I think in terms of social policy I would have very much an emphasis on equality and removal of discrimination; I think I’ve got a record in that as well. I think in terms of Bill and we shouldn’t pretend that there is a vast chasm between us ideologically. The old divisions in terms of the right and the left are long past. I’m a strong supporter of market–based forces. I’m also a strong supporter of inclusiveness. So if you want to see what leadership would be from myself just have a look at my record. Things like the creation of Infrastructure Australia, a body that has empowered private sector representatives along with the Government to make recommendations that have chosen in this case 15 projects. All of them undertaken and funded by the Government. Or the ministerial councils that I chaired, I think I’m the only minister that did this – I might be wrong – but I included groups like the Australian Logistics Council as well as the unions. I included them so they had a seat around the table. That would be part of my approach.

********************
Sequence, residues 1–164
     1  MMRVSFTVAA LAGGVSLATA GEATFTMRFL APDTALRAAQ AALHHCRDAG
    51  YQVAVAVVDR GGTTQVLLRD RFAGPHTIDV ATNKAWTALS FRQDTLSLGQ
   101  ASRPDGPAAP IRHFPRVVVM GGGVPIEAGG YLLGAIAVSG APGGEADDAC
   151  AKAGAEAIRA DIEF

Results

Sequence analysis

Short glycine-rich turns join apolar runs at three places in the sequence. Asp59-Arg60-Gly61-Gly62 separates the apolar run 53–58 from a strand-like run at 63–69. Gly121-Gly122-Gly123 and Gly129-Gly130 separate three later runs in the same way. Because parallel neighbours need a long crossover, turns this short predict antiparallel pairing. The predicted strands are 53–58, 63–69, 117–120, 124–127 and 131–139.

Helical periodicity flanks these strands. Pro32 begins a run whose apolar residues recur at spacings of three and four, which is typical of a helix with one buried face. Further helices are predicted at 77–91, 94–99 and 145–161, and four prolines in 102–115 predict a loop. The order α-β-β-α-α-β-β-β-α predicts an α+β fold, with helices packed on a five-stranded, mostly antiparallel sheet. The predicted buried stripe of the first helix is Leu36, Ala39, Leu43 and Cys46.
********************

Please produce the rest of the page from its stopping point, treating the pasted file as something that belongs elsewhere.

PETER VAN ONSELEN: Something else that I want to ask you about in a moment is your approach to carbon pricing if you were successful as leader. But before that what about the approach to the team you have around you. Because leadership is not just about one person it is about the team that you build. Would you like to see, despite the new caucus rules that the caucus picks its own front bench, would you like to at least see a handful of captain’s picks so that you get key people onto the front bench that perhaps may not be as easily picked by your colleagues?
ANTHONY ALBANESE: Look, I think those things need to be talked through with the caucus and it needs to be done in a mature way. For example for someone who is outside of a faction that should not mean they are excluded from consideration. And I think that’s really important that we get good geographic spread, that we get proper gender representation, that we get the best team possible. Now that in recent times has been done by just the leader picking the team, bearing those measures in mind.
PETER VAN ONSELEN: Is that your preference, the leader picks the team?